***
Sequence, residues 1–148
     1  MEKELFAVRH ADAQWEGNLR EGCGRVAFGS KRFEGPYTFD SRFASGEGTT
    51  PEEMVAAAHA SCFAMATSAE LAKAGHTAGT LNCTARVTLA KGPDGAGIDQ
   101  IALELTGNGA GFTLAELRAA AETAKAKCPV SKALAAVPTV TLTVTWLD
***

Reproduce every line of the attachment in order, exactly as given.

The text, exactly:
Sequence, residues 1–148
     1  MEKELFAVRH ADAQWEGNLR EGCGRVAFGS KRFEGPYTFD SRFASGEGTT
    51  PEEMVAAAHA SCFAMATSAE LAKAGHTAGT LNCTARVTLA KGPDGAGIDQ
   101  IALELTGNGA GFTLAELRAA AETAKAKCPV SKALAAVPTV TLTVTWLD